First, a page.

• There are also more optimizations to vSphere in terms of device-to-device communication on the PCI bus, henceforth providing performance advantages for NVIDIA GPUDirect RDMA technology

There are classes of ML tasks that go beyond a single graphics card, no matter how powerful, such as, say, distributed training tasks. Here, communication between adapters on multiple hosts over a high-performance RDMA channel becomes more than vital.

The direct communication mechanism over the PCIe bus is implemented through the Address Translation Service (ATS). That is a part of the PCIe standard. Basically, it enables the graphics card to send data directly to the network, bypassing the CPU and host memory. Furthermore, it goes through the high-speed GPUDirect RDMA channel.

On the receiver side, everything happens in a completely similar way. This approach already appears to be much more productive than the standard network exchange scheme (more here).

Precision Time for Windows

Few people are aware that vSphere 7 Update 2 adds support for the new Precision Time for Windows engine. Before, almost all VM tasks used the NTP + Active Directory bundle. Admittedly, it works fine in the vast majority of cases. NTP provides millisecond accuracy, and if you were to require any greater accuracy (for example, financial applications), then there’s a special equipment with PTP (Precision Time Protocol) support.

VMware has decided to make another improvement for users who require more responsive time services. vSphere 7 Update 2 now includes support for Precision Time for Windows. That’s a mechanism meant to improve the accuracy of time synchronization in Windows.

The Windows Time Service (W32Time) is a service that relies on NTP to provide accurate time information to OS clients. It was initially designed to synchronize time between hosts in Active Directory, but has already grown beyond these tasks and is open for use to the apps. The W32Time architecture is plugin-based. That means that the DLL can be registered as a precision time service provider. These can be both purely software solutions and complex systems with special equipment supporting the PTP protocol.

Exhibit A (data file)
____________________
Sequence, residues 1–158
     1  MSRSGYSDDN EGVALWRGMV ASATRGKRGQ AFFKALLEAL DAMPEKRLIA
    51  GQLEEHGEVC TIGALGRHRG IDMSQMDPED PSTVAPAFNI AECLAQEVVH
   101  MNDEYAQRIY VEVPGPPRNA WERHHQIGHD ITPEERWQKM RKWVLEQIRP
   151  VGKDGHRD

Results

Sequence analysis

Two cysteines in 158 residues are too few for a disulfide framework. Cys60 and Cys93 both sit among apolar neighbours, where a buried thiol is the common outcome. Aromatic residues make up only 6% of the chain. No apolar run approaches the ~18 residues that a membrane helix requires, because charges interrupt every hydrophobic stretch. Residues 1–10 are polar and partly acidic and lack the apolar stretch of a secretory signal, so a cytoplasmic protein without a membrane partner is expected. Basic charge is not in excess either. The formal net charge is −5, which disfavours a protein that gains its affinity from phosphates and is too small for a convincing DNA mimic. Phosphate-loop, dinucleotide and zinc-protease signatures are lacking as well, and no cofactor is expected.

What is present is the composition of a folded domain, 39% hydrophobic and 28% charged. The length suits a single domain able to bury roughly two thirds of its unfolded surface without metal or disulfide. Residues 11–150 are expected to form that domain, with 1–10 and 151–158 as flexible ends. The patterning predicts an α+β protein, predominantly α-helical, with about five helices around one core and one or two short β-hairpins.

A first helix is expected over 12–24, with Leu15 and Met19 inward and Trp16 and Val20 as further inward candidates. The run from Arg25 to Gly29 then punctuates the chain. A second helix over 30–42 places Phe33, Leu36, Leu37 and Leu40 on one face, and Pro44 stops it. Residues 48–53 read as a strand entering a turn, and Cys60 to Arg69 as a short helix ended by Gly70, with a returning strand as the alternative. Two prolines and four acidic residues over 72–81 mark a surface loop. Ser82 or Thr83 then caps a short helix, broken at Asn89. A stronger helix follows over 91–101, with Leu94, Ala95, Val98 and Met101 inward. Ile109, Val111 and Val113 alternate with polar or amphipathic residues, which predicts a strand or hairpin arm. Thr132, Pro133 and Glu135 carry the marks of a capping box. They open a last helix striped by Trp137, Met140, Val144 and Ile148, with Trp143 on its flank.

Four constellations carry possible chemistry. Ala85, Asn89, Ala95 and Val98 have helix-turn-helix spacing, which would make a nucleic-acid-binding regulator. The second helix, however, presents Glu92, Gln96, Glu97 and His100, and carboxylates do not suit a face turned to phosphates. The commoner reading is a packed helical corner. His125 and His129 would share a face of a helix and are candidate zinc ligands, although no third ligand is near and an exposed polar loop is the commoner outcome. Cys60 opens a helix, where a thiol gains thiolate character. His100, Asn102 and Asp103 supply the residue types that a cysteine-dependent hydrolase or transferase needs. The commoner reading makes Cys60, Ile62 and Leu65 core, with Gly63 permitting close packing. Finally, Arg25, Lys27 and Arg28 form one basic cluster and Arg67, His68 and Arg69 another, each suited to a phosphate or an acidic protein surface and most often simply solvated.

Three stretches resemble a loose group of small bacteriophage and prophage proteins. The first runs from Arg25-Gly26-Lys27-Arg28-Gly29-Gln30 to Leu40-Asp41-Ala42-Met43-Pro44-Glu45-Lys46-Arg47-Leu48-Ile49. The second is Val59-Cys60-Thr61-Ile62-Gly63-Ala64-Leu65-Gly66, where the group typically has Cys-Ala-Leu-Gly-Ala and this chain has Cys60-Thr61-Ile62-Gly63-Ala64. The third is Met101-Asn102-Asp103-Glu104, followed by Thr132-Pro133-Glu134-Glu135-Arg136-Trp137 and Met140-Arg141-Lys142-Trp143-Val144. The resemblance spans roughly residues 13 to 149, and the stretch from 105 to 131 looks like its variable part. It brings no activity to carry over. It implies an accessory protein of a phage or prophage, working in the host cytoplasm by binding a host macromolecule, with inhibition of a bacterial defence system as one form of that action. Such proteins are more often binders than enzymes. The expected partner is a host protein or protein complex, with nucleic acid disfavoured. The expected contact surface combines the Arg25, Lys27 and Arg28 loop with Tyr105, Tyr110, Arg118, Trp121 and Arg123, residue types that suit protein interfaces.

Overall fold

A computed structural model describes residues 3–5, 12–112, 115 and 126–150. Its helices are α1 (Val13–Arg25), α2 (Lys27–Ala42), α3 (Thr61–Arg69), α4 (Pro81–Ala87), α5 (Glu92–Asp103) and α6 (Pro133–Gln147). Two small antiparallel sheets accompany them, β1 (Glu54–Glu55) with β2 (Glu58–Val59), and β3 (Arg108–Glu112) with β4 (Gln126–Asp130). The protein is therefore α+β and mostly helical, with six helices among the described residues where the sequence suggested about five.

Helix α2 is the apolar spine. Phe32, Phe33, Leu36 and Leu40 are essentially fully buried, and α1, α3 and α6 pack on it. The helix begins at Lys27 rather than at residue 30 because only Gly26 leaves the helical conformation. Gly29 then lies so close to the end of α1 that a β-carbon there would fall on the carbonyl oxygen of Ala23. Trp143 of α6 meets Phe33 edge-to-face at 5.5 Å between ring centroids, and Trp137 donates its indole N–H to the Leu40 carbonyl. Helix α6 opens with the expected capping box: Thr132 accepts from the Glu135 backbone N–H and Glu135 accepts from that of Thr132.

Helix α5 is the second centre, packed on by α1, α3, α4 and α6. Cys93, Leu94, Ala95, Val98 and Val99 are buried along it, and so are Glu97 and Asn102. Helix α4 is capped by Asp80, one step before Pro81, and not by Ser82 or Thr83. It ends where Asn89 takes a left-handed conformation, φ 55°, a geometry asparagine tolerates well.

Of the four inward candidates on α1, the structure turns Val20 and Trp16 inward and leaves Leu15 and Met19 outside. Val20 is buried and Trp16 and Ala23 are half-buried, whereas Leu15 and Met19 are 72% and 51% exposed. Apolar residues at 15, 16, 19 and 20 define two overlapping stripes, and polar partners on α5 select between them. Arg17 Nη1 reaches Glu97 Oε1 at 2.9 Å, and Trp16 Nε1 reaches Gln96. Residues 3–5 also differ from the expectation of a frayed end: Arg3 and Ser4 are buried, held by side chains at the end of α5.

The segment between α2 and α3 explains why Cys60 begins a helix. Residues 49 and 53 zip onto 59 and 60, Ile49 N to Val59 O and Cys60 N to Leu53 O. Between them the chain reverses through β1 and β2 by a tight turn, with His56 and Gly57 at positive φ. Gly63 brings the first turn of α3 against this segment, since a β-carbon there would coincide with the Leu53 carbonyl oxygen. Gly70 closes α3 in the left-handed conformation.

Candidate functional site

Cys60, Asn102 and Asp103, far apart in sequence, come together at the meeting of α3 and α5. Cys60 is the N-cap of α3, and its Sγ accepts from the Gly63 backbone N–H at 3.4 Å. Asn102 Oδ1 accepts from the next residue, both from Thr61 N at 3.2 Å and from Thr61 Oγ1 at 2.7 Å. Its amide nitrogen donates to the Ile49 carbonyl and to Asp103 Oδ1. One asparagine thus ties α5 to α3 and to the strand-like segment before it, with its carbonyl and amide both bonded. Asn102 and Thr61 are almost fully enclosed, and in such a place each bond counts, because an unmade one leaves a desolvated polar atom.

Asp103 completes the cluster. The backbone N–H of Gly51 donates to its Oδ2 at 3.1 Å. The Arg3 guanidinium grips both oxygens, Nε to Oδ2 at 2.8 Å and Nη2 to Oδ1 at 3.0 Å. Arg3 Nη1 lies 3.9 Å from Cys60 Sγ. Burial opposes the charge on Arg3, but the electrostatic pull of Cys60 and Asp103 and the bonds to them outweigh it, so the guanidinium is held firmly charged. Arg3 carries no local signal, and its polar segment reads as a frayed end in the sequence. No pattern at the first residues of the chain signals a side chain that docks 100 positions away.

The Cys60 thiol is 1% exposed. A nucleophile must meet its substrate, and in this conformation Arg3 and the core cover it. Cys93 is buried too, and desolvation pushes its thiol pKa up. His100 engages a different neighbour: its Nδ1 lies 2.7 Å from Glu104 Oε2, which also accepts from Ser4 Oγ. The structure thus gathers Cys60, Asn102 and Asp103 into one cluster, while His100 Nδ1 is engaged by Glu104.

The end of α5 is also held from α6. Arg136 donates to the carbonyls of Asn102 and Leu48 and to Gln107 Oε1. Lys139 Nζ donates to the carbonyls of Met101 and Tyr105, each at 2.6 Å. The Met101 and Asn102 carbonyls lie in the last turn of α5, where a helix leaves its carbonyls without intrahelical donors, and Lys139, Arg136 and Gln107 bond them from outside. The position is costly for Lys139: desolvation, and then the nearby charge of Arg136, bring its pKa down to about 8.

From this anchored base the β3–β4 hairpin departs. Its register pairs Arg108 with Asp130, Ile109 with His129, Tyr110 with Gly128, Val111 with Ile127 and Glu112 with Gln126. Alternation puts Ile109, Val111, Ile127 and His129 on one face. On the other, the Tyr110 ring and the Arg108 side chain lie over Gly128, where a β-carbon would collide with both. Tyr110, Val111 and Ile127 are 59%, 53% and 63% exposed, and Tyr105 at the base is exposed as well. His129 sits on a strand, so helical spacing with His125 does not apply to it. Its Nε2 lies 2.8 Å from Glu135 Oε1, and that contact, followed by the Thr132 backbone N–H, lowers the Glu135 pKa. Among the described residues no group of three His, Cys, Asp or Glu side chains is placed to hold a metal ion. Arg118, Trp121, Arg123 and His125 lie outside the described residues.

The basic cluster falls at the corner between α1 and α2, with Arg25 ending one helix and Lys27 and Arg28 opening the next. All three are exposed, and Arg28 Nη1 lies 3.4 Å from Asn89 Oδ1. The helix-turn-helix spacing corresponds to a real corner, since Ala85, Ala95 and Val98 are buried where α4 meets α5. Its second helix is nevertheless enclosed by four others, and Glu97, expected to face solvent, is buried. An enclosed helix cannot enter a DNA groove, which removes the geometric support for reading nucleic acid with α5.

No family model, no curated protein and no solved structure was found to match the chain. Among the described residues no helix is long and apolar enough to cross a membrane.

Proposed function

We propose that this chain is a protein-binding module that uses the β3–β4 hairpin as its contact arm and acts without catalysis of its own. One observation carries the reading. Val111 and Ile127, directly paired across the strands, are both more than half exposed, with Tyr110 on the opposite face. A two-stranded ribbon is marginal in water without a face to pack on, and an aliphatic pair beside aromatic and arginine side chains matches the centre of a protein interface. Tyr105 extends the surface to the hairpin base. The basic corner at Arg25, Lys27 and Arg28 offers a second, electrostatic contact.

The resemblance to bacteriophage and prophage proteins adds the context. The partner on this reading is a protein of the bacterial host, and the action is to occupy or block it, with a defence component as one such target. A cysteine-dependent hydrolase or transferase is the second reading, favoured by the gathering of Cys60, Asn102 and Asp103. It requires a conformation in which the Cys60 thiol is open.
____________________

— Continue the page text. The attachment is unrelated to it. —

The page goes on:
The APIs for developing such plugins are publicly available, everyone can write their own. Therefore, of course, VMware has developed its own VMware Time Provider (vmwTimeProvider), coming in the package with VMware Tools for Windows-based VMs. It receives time from the Precision Clock virtual device ( vSphere 7.0+) and transmits it to the W32Time side over a closed and fast channel (paravirtualization), bypassing the network stack.

The vmwTimeProvider is essentially a user-space plugin. Theoretically, such a device would require its own driver, but VMware has its paravirtualized interface that takes advantage of Memory-mapped I / O (MMIO) technology optimized for read operations.


The Precision Clock device receives time from the hypervisor core (VMkernel), one of the sources being the HyperClock device that provides the system time to the kernel.

To sum up, if you configure VMkernel and HyperClock to receive time via the Precision Time Protocol (PTP), the Precision Clock device will be able to transmit it to virtual machines with great accuracy.

Finally, it should be noted that vmwTimeProvider isn’t installed by default since the systems without special requirements for time services just don’t need it at all.

The vSphere Virtual Machine Service (VM Service) in vSphere 7 Update 2

This feature was introduced in Update 2a, and it deserves the utmost attention of those system admins and anybody who usually works with the Kubernetes container environment in vSphere with Tanzu. Why? The Sphere Virtual Machine Service (a.k.a VM Service) provides those developers and admins with the ability to deploy VMs.

vSphere with Tanzu

This new feature allows DevOps teams to manage VM and container infrastructure through standard Kubernetes APIs. That way, you get a completely seamless process for the new services deployment and infrastructure availability.